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All of a sudden, we found ourselves standing on top of a sand dune. There were mountains, a winding shoreline, and a harbor with fishing boats lilting to the right. The water was teal and there were islands in the distance. It was as picturesque as the Virgin Islands or any other top tourist destination, only it was empty–except for the horse cart in the distance and the dog at our side.
We’d taken an all night bus ride to Curitiba, a four hour bus ride to Floripa, and another two hour bus ride on a local bus down dirt roads, stopping every so often to pick up school kids. We knew we were headed for a pousada in a fishing village where they have pick up games on a sand bank formed where the diverging river meets the ocean. We did not know it would feel like paradise or that a small tan-colored dog would follow us everywhere: when we went to the grocery store, she patiently waited outside the door; when we played and filmed within the yellow goalposts further down the beach, she sat beside our camera bags; when we returned from a day out, she ran down the beach to greet us.
In São Paulo, we search for Nenê, who played with Gwendolyn for Santos Futebol Club. We take a ten-minute taxi to the metro station, ride for fifteen-minutes, change lines, take another thirty-minute ride, exit at Jabaquara, have an hour-long bus ride to Ferrazópolis, meet Nenê at the station, and catch a bus to her house. “If this were Europe, you’d have gone through three different countries,” Nenê’s mom says. “Here, you are still in São Paulo.”
Her family–mother, father, eight brothers and sisters, and a dozen or so nieces and nephews–live in the two houses next door to each other. When they ask about our families and we convey that they are spread out, they ask us, puzzled, “Why?” We all feel kind of stumped.
In Santos, we worry our movie will be about us getting fat around the world: here we are in Trinidad, all fairly lean, here we are in Brazil, showing signs of being fed extravagantly by unbelievable hosts. To combat the massive intakes of food, we nix taxis and buses and go on 6 or 7 km walks between destinations. Santos is divided into regions by seven canals and we count each of them as we walk along the beach garden, ranked by the Guinness Book of World Records as the longest of its kind. Gwendolyn steps in wet concrete, literally leaving her footprint on Brazil. Ryan’s stepping-in-something story is worse: as Rebekah starts shooting a game, Ryan walks off to scout out a wide-angle shot. He stands there for some time, pondering different angles of the quadra, questioning the inclusion of a tree, studying the light. He turns to walk back, feels his foot slip, and realizes that for the past ten minutes, he’d been standing in a pile of dog poop, the only pile of dog poop anywhere around.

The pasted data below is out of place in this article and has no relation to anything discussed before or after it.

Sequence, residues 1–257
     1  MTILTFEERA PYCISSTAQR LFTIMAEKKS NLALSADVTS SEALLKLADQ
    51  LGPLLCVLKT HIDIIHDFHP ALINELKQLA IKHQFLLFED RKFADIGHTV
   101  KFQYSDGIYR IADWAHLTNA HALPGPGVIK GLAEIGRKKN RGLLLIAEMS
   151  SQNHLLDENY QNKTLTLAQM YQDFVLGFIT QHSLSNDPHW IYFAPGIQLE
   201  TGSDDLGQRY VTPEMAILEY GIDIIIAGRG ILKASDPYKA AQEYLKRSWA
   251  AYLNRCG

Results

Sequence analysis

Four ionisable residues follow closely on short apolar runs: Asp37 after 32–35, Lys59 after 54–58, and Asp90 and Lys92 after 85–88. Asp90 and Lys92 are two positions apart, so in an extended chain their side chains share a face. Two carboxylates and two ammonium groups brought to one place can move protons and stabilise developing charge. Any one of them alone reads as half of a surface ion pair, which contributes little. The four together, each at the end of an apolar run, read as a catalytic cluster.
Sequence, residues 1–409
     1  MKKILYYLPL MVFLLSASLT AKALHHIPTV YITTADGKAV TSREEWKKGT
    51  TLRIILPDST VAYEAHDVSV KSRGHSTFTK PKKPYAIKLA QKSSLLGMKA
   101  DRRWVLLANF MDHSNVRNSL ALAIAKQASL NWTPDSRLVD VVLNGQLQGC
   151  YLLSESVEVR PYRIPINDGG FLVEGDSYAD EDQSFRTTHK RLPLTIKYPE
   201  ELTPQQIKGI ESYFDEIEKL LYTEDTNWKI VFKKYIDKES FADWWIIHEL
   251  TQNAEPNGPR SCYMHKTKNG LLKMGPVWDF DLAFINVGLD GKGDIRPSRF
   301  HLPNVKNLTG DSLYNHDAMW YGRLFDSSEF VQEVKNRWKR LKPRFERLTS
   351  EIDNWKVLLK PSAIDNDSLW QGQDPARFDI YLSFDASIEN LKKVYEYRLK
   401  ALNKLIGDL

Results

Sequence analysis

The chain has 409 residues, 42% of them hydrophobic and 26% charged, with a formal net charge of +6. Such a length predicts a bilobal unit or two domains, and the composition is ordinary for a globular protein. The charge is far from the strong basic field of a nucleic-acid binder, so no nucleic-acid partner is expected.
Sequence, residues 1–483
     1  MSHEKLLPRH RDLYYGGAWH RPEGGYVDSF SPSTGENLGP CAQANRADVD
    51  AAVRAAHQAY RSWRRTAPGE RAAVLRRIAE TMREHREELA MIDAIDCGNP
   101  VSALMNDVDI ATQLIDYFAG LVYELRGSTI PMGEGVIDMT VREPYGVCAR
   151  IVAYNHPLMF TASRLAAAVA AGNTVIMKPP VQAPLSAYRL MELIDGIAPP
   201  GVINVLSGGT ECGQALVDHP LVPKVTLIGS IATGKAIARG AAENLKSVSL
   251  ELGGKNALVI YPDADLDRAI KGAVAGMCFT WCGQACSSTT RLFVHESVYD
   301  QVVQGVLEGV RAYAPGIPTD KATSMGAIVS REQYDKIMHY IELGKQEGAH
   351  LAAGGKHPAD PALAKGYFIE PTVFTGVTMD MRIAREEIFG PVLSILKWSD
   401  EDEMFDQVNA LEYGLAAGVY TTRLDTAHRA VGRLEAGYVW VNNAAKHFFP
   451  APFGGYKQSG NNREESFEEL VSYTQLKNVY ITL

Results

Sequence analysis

For the next three days, we go in and out of Rocinha. A gunman greets us at the entrance one day in English. “Hello my friends. Welcome to Rocinha, the most beautiful place in the world.”
Around 9pm on Friday night, Ferg and Ryan take establishing shots of Rocinha while Gwendolyn and Luke wander over to the field. Luke scratches the back of his neck and asks the group of guys sitting by the fence if they are about to play. One burly guy in a green and blue striped t-shirt seems to be the center of the show. He wears a long gold chain and a bright pink stopwatch around his neck and everyone calls him The Boss. This guy, Anderson, is the leader of Família Valão. Valão, which means both “big sewer” and “common grave” in Portuguese, is the name of the street in Rocinha they all live on. Anderson divides the guys into three teams by tossing out red pennies, blue pennies and jerseys that say Família Valão in a font made to look like dripping blood. We play until midnight. The lights are dim and it is too dark to film.